Market Cap: $10.715B (as of 08/10/2021)

EV: $10.08B

LTM Revenue: $101.125M

LTM EBITDA: $(220.118M)

LTM EV/Revenue: 99.63x

LTM EV/EBITDA: -45.77x

Projections and Assumptions

Short-term consequences

By purchasing Acceleron Pharma Inc., Merck can gain direct access to Acceleron’s rare disease drug candidate, Sotatercept, which is believed to be a core rationale of the acquisition. The drug, being a pioneer of its kind in the cardiovascular disease sector is projected to be a billion worth revenue stream for Merck, owing to its uniqueness. The deal is a critical step for Merck to consolidate their market-leading status in the lung cancer treatment sector, as it allows product diversification of Merck’s current product portfolio and aids Merck to better deal with the growing generic competition towards Keytruda, a lung cancer star product of Merck. The introduction of Acceleron’s product portfolio, including a co-developed blood-related disorder drug with Bristol Myers Squibb. From a cost perspective, lung cancer treatment is one of the major business lines of Merck, accounting for approximately 37% of Merck’s 2021 Q2 revenue, the deal can create significant cost synergies through the sharing of pharmaceutical manufacturing and R&D facilities.

The $11.5b deal, funded in both cash and debt implies a 34% premium over Acceleron’s trading price of $134 a couple of weeks ago. Merck’s share price had remained nearly constant on the day of the announcement (September 30) with a slight bump from $75.09 to $75.11 compared to the previous trading day. Instead, the announcement of Merck launching the world’s first COVID pill on a subsequent day (October 1) fueled Merck’s stocks to rise to $81.40, implying a growth of 8.37%.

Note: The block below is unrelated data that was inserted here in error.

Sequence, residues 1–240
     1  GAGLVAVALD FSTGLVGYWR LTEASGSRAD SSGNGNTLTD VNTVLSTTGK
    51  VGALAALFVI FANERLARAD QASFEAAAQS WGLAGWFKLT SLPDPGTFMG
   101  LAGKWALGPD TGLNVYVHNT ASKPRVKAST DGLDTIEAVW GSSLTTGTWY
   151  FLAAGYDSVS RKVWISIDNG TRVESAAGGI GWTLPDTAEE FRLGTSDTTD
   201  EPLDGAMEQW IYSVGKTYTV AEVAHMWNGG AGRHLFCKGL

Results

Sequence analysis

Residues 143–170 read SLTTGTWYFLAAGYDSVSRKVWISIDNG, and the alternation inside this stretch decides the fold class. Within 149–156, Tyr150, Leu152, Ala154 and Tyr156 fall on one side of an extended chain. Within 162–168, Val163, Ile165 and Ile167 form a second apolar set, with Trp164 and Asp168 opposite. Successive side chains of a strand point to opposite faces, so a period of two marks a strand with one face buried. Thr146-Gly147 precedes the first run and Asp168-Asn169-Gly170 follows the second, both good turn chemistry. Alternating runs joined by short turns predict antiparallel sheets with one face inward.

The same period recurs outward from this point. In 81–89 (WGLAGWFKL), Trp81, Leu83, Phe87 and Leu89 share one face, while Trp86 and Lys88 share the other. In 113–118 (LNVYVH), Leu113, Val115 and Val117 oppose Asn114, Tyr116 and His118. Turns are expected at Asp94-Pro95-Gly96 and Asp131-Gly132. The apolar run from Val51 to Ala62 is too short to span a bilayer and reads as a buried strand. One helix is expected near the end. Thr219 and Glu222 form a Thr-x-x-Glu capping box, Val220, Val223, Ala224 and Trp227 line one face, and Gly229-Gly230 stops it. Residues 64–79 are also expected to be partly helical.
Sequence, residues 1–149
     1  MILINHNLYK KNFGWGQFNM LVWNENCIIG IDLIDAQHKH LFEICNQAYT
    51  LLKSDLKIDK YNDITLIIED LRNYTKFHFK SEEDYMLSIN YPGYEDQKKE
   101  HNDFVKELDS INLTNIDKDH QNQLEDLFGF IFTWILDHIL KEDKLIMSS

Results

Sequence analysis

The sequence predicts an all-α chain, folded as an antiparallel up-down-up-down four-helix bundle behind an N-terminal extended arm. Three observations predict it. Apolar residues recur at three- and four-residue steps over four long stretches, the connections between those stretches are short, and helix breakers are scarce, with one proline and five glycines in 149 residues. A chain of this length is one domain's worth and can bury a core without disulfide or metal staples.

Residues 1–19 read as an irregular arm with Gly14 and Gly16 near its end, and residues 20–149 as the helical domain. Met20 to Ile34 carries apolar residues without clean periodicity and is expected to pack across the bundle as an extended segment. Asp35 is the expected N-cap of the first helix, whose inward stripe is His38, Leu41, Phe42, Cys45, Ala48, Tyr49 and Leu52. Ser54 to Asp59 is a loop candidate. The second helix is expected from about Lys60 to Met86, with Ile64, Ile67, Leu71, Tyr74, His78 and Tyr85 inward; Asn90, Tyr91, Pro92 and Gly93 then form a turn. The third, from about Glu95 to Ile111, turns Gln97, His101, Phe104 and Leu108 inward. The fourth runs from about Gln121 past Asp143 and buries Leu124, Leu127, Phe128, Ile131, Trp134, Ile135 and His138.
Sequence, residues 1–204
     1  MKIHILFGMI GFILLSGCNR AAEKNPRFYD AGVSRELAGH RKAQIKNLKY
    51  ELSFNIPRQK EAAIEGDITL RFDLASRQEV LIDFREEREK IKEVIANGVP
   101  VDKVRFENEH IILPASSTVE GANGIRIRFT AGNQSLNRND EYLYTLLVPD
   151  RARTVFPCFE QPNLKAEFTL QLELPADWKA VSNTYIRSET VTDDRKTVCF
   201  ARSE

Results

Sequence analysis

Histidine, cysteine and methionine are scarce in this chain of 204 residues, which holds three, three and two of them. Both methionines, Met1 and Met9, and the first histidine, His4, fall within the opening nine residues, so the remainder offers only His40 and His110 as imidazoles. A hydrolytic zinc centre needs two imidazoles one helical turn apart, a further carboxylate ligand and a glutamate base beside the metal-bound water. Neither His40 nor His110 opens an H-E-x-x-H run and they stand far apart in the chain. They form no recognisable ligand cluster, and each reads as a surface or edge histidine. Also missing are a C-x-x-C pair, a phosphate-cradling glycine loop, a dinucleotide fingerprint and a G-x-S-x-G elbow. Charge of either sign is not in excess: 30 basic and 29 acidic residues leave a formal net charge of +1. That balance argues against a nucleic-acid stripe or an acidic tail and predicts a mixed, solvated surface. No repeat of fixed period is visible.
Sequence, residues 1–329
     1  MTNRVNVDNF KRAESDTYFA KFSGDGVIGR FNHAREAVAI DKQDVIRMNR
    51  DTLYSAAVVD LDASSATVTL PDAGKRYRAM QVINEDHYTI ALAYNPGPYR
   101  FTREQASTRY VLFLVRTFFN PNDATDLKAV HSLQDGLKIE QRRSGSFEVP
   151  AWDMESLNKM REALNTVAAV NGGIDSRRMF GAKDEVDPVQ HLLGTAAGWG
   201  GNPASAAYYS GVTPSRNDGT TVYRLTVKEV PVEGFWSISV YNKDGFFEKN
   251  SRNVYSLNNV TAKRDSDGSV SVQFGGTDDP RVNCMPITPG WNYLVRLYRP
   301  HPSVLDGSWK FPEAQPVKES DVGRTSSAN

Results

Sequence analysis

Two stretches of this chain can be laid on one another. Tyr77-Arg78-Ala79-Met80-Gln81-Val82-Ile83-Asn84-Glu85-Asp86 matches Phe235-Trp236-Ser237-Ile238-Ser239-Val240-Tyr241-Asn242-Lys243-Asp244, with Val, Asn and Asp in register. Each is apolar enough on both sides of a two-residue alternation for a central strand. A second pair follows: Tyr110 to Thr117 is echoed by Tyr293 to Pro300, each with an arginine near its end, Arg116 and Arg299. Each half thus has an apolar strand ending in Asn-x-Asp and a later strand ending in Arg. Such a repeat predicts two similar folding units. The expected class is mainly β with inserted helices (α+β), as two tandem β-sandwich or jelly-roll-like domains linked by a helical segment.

Long-term Upside

This acquisition deal serves as a crucial strategic investment in a sustainable growth strategy for Merck. Keytruda, an immunotherapy drug that works with the immune system to fight cancer cells, is Merck’s Superdrug and revenue-generating machine. Analysts estimate that the drug could hit over $24 billion in global sales, and is on the trajectory to dethrone AbbVie’s Humira as the world’s best-selling drug in 2023.

Undoubtedly, such a drug dominates Merck’s portfolio in revenue generation (over 30%), but that also indicates that Merck needs to prepare before the drug falls off from the patent safety net in 2028. There are a few internal R&D programs that could compensate for that gap, but none of which will be likely to fill Keytruda’s revenue shoes. Therefore, Merck sought an external business development opportunity - Acceloron’s blockbuster drug sotatercept.

This acquisition means Merck will gain access to Sotatercept, Acceleron’s leading therapeutic candidate. It is a treatment for a rare and life-threatening high-blood pressure disorder that is in Phase 3 clinical trials.